“the most abhorrent catalogue of sexual debauchery and perversion ever committed to paper by an Englishman. I have no idea whether these words be true, as presented, or the workings of a most diabolic imagination, nor do I care to know. What is certain, however, is that his priestly vestments were, it seems, no more than a shallow veneer presented to disguise the insidious corruption that lay within. And oh, my poor dear sister, whom I fear suffered so often at his hands, though she will not speak of it. Had I but known…”.
This discovery was to have a most profound effect on Featherstone, initially resulting in what would today be called a nervous breakdown, but ultimately unlocking a determination to
“…reveal such hypocrisies where’er they may be found… to search within and dig out every dark thing … to show the human soul in all of its various indignities… to BE a poet, and leave the writing of empty words to others… I shall become the Arch-Cathartist, seer into souls, judge jury and expressionist… I shall cut the heart of blackness from its poesied lair, and place it on display for all to see, for only there, in the darkness, shineth the light…”
Certainly aspirations such as these are not unique amongst poets, but rarely have they borne such rewarding fruit. In the 5 years following this discovery he was to write a series of volumes that would change the very nature of English poetry, and literary censorship, well into the 20th century, and inspire not only his fellow Cathartists, but also later poets of the calibre of WB Yeats and TS Eliot.
Another major influence upon that series of events which were to result is his self-crucifixion was his relationship with Rebus Kraven. He had married Emily Watson, daughter of a Camden Town watchmaker, in 1882, but following his father’s death, and his subsequent reinvention of himself as “Poet and Cathartist”, he was to develop a passionate love for Rebus Kraven, the young enfant terrible of the Brighton set of Decadent artists, a love whose intensity and sensuality is clearly demonstrated in the later great love poems, now widely considered to be amongst the very best examples of the form in the English language. The three lived together in an uncomfortable ménage-a-tois for the following five years, until one month before the crucifixion when Kraven disappeared (he was not to “reappear” until September 1913 when he arrived back in Moretonhampstead missing 3 fingers from his left hand, and bearing an “extraordinarily large goitre on which he had drawn a face and frequently attempted to bring into conversations, addressing it as “my learned friend”, more than likely as a further demonstration of his much chronicled desire to “confound and disturb those whose minds have long since closed to the cruel and undefinable truth of existence”). It is clear from a number of letters written by Emily, that she and Rebus had no great love for one another, indeed it seems that most of the “furious rows” in that volatile household were deliberately provoked by Rebus. Featherstone’s own disarmingly honest journals from the period reveal a conflicted man, torn between passions and guilt, trapped by the aesthetic of the artistic movement he was creating, and, despite his new role as arch-cathartist, still nonetheless troubled by his declining relationship with a Christian God. Most of all he was profoundly disturbed by his feelings for Rebus, and particularly his physical desires, which he would either revel in, or be repulsed by, often from sentence to sentence. And these various emotional conflicts continually lie beneath the surface of the “Visions After a Crucifixion”, informing its many arguments.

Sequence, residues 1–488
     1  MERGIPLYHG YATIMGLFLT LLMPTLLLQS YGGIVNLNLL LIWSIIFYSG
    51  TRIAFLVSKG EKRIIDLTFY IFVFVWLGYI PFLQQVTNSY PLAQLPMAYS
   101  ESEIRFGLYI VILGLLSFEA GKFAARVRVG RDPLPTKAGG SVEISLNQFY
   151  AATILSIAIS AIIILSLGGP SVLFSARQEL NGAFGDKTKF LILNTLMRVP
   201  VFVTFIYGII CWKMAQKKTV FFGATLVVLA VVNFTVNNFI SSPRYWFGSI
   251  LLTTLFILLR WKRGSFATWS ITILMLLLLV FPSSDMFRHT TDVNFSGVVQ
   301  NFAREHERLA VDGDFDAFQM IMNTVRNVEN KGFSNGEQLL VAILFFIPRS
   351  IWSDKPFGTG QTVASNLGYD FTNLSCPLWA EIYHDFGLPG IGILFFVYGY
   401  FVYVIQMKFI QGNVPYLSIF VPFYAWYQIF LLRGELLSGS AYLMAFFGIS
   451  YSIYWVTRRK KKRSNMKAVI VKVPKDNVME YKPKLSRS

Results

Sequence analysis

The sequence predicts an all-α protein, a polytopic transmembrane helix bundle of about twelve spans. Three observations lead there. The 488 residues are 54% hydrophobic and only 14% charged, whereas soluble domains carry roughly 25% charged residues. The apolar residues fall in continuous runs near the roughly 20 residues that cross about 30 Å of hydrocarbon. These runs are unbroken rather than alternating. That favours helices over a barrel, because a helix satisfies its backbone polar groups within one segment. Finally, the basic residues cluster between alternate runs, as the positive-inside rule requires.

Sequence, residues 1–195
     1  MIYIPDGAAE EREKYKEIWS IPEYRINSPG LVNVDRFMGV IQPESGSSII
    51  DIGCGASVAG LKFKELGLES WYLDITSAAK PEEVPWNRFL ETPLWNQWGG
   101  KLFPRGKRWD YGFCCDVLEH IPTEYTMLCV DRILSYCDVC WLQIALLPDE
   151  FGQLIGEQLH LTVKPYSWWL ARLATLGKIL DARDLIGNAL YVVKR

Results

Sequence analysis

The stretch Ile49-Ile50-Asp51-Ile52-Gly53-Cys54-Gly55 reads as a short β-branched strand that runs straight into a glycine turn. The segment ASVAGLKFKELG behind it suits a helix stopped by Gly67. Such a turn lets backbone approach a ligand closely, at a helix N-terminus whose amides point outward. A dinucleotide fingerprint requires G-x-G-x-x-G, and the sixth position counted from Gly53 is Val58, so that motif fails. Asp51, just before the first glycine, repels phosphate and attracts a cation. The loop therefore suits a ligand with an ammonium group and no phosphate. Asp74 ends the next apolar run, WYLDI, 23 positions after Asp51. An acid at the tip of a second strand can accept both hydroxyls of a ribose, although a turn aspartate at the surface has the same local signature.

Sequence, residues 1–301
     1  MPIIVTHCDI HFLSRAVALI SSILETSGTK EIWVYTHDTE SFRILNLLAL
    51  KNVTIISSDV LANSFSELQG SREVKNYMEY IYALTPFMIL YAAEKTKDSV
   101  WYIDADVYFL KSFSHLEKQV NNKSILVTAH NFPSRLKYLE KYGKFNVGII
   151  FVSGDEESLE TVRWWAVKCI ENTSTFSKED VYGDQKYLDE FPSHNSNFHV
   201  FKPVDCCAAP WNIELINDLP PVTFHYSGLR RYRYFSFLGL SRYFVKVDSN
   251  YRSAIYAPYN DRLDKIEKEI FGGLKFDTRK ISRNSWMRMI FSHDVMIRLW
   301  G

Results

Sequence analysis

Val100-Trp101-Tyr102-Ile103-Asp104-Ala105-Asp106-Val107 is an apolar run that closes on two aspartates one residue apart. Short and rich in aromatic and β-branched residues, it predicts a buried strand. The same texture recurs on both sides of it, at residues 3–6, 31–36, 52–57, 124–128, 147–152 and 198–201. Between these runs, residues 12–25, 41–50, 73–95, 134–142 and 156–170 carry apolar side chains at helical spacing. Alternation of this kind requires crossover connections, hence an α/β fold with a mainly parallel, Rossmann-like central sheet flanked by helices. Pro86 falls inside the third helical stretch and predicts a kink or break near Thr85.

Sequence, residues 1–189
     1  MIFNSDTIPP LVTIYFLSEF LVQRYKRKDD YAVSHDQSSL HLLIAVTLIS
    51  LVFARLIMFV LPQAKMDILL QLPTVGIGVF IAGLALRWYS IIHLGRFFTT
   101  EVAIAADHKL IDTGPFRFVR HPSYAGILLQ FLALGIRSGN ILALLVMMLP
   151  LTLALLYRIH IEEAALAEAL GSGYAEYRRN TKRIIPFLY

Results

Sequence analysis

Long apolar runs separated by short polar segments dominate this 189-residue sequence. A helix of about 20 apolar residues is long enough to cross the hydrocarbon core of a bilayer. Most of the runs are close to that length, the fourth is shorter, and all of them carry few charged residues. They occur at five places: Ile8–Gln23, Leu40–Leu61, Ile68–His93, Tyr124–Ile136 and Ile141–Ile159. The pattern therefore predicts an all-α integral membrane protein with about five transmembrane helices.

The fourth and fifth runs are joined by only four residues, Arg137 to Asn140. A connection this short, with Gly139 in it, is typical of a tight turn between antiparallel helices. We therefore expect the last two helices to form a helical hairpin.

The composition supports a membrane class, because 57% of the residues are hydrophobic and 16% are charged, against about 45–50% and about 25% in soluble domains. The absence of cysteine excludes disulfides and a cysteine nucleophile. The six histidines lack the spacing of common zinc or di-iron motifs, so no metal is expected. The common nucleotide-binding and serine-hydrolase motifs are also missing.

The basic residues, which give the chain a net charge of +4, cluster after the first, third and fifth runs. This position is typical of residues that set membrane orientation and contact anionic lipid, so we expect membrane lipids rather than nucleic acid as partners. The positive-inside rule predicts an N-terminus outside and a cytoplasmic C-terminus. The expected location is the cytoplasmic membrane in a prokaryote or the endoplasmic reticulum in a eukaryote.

One last essential piece in the puzzle of events that ultimately led to his self-crucifixion was the recent social ostracisation he and his associates had suffered as a result of the publication of “The Cathartist”, a quarterly socio-literary magazine. This magazine only ran to 2 editions, but in its short life managed to offend most of the social and artistic establishment. The second edition famously included Rebus Kraven’s poem “On the Consummation of the Churches” in which he depicts Queen Victoria fantasizing in a most indecent manner about Pope Leo XIII. As a result the entire print-run was seized, and the Cathartists made a life-long enemy of Harding Gifford, among whose various titles were the 1st Earl of Halsbury, Lord Chancellor, President of the Royal Society of Literature, Grand Warden of English Freemasons, Fellow of the Zacharias Club and High Steward of the University of Oxford. A powerful enemy indeed, it was largely through the efforts of Earl Halsbury and the Zacharias Club that the Cathartists were first undermined, and then excluded from literary history. By all accounts Featherstone himself was only mildly troubled by this, seeing the wholesale condemnation of Cathartism as a “paradoxical victory of aesthetics over sentiment”, yet it seems certain to have had some impact upon his increasingly pessimistic world view as expressed by the “Visions”.